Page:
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First, some ground rules. We’re not talking about songs which make reference to movies. Breakfast at Tiffany’s song from the mid-90s – there’s no place for you here. Same goes for jokes. Maybe you could argue that Jonathan Coulton’s Re: Your Brains takes place in the world of a Romero movie, but it’s not about the movie. We are looking for songs based on movies, earnestly, or ambiguously ironically at the least.

The Drive-By Truckers The Monument Valley

Strange that on an album of slice-of-life character studies, the most heartfelt song turns out to be about westerns. But then, who doesn’t love John Ford movies?

“It’s all about where you put the horizon / said the great John Ford to the young man rising.” The opening lines describe the act of moviemaking. On the one hand, nothing is more irritating then meta-art. If I have to read one more book which equates writing with physical creation, I’m going to punch a wall. And an artist’s desire to put on display his or her influences is understandable, but tedious. Yes, I’m sure you’re very well-read and that you know a lot about 1920s wax cylinder recordings or 1970s summer camp movies, but show me what you’ve got.

That said, this song pulls it off – mostly because it so accurately captures the long quiet landscapes of the best westerns. And by the final verse, the lyrics tangle John Ford the person with the famous line from The Man Who Shot LIberty Valence. “It’s where to plant the camera and when to say action / When to print the legend and when to leave the facts in.”

In the end, far truer to what makes westerns so enduring than Burt Bacharach’s song The Man Who Shot LIberty Valence. (Sample lyric: “Cause the point of a gun was the only law that Liberty understood / When it came to shooting straight and fast, he was miii-ghtyyyy good!”)

Daniel Johnston King Kong


This might be the most straightforward film-to-song adaptation. It’s a chanted summary of the film, told from the point of view of the titular monkey. Daniel Johnston’s childlike lyrics make for an interesting version of the story, full of straightforward descriptions like “He stripped his woman / he stripped her bare / but there was a pterodactyl / there.” It’s more of a description of individual things which happen in the movie, rather than a story.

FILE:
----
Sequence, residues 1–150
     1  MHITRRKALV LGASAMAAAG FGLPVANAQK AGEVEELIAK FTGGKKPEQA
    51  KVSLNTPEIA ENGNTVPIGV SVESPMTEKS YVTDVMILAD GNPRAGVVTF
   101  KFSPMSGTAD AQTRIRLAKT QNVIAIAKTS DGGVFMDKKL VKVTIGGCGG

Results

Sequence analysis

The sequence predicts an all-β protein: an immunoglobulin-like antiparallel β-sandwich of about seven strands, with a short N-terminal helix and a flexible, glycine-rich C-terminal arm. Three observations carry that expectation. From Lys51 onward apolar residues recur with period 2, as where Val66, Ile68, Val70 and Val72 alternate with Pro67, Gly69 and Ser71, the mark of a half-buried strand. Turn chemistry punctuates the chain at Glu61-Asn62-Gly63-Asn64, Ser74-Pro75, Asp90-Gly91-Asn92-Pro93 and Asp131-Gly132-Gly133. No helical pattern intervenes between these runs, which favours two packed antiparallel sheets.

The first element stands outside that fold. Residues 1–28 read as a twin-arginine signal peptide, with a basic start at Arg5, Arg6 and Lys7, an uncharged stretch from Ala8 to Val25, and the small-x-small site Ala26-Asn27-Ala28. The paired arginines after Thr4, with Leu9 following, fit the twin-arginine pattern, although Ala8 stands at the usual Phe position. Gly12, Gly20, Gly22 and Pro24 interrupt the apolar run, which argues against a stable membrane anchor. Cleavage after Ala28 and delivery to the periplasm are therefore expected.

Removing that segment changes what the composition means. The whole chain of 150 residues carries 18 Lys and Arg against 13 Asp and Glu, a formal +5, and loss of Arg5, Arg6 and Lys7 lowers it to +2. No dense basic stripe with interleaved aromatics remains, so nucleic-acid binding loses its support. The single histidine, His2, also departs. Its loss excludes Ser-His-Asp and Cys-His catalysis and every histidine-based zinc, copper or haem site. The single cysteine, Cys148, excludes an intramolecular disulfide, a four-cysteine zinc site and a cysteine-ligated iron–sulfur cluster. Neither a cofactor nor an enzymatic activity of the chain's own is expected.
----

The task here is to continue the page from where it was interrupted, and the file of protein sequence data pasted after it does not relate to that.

The Jimmy Castor Bunch King Kong


Here’s another musical take on the same film, but where Daniel Johnston’s focuses on the obsession and fall of creature, The Jimmy Castor Bunch celebrate his power, size, and restraint, apparently. “He didn’t dance or party,” they tell us. But like Daniel Johnston’s song, a good chunk of time is devoted to straight up summary. Regarding Kong’s fight with a Tyrannosaurus, Jimmy Castor sings “He stretched the creature’s mouth until it split / Then like a child, began to play with it.”*

Bob Dylan Brownsville Girl

Even the most unappealing Dylan album has something to recommend it. Knocked Out Loaded, marred by weird 1986 production, and mostly uninteresting songs, has Brownsville Girl, Dylan’s collaboration with playwright/actor/former Holy Modal Rounder Sam Shepard. Clocking in at close to eleven minutes, it’s a winding, half-sung, half-spoken song about, um, something probably. Dylan mentions a girl, a trial, a bunch of places in Texas. Mainly, the song seems to be about this movie Dylan seen one time, ’bout a man riding ‘cross the desert and it starred Gregory Peck. As Dylan ruminates his way across the song (“The only thing we knew for sure about Henry Porter is that his name wasn’t Henry Porter”, he sings at one point, and at another, “Oh if there’s an original thought out there, I could use it right now”) he returns to his Gregory Peck movie again and again. He thinks he sat through it twice.

*I would’ve included The Jimmy Castor Bunch’s Dracula as well, but in fairness, that’s probably based on the novel.

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